Wilder said Tina Prater wasn’t implicated in that case, and that she went on to give him tips about other investigations he conducted in Cannon County. But, he said, he never had her buy drugs as a confidential informant there.
Years later, the pair had an opportunity to reconnect when Wilder moved to Tracy City, population 1,400, to work as a patrolman in 2011. Prater had family there and was back in town, so it didn’t take long for the two to run into each other.
In Wilder’s telling, he first saw Prater again when she came into the police station one night to complain about a boyfriend. On another occasion, she came in “just to chitchat.” Then, one day in December 2016 or January 2017, Wilder testified, “she just walks in ... and, you know, kind of self-confesses to, you know, I’ve had issues, I’ve had car wrecks, I’ve had this, my family’s, you know, going to end up dead. I want to do something about this. I can buy drugs for you all.”
By that point, Prater was a felon and an addict who had racked up half a dozen convictions for writing worthless checks. She had been convicted of stealing from a dentist office and attempting to pass a forged prescription, and she was still on probation for smuggling morphine into the local jail.
Wilder had a criminal history, too, having pleaded guilty in the early 1990s to misdemeanor charges of driving under the influence and theft in Rutherford County. “I had purchased a horse,” he said in his deposition. “Horse turned out to be stolen.”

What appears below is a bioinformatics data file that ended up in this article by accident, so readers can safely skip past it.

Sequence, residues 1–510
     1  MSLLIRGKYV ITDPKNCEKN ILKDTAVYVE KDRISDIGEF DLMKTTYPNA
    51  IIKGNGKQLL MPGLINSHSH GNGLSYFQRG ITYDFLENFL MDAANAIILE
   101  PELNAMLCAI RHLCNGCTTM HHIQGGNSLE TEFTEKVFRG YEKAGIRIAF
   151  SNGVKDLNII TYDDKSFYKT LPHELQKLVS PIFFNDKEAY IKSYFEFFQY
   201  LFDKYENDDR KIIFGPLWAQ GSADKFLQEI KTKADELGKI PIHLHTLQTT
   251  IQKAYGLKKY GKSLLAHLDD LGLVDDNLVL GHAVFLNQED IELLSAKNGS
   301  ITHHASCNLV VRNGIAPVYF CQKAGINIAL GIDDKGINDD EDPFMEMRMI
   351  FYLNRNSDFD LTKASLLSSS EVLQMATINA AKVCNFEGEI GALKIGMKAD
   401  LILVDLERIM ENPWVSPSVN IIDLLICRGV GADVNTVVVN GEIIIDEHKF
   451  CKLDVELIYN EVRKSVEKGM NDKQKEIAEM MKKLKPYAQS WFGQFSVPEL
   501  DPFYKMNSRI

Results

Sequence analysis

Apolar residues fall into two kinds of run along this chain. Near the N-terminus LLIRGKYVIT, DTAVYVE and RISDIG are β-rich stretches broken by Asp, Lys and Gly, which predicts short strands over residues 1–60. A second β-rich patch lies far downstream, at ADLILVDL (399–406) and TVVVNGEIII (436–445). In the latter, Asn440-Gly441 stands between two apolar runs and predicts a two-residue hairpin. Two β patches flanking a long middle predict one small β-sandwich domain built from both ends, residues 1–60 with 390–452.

Wilder’s past brushes with the law didn’t stop him from taking over as Tracy City’s police chief in 2014. He filled the revolving door of a position after his predecessor, Tony Bean, took a job as chief deputy of the Grundy County Sheriff’s Office. Bean and his son, a sergeant at the same agency, now are under federal indictment, accused of routinely assaulting handcuffed people and calling it “the Grundy County way.”
At the police station, Wilder, Prater and Cunningham, a novice officer hired by Wilder, came up with a list of names. The officers swore Wilder didn’t come up with the names himself and only wrote them down as Prater rattled off who she could buy drugs from. The meeting, it seems, was not recorded.
On Jan. 11, 2017, Prater signed an agreement to work as a confidential informant for the Tracy City Police Department.
‘Get the dope’
Law enforcement agencies across the country regularly use confidential informants to wage war on drug trafficking in their communities. People with no relevant training or experience can agree to help police nab unsuspecting drug dealers in exchange for leniency in sentencing, immunity from prosecution or other benefits – like cash.
Some informants provide investigators with tips, while others take on more dangerous roles, wearing wires to set up dealers or accompanying undercover officers to drug buys.
Police rely on informants because they are cheap and easy to use, said Alexandra Natapoff, a law professor at the University of California in Irvine and the author of the book, “Snitching: Criminal Informants and the Erosion of American Justice.” The practice is opaque, she added, and has little oversight.
“There are very few rules constraining the deals that police can make with criminal informants, including how many people to go after, what kind of people to go after and how much they’re going to get paid or other ways that they’re going to be rewarded,” Natapoff said. “The foundation of the institution of informant use is that it is deeply unregulated.”
Indeed, Wilder testified he had no written policies or formal training on the use of confidential informants. He said he learned everything he knew from a former Cannon County sheriff. Cunningham, in turn, learned everything he knew from Wilder.